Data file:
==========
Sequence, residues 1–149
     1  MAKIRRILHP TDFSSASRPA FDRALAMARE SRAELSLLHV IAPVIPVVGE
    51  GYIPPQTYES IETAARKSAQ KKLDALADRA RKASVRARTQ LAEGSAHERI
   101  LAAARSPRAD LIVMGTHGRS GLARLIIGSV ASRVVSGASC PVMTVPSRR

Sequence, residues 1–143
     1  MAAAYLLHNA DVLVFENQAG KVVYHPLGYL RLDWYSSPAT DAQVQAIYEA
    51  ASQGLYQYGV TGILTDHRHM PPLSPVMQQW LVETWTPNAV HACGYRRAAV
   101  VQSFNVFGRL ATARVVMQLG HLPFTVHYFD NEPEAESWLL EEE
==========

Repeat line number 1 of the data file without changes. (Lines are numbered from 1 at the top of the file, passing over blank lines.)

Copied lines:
Sequence, residues 1–149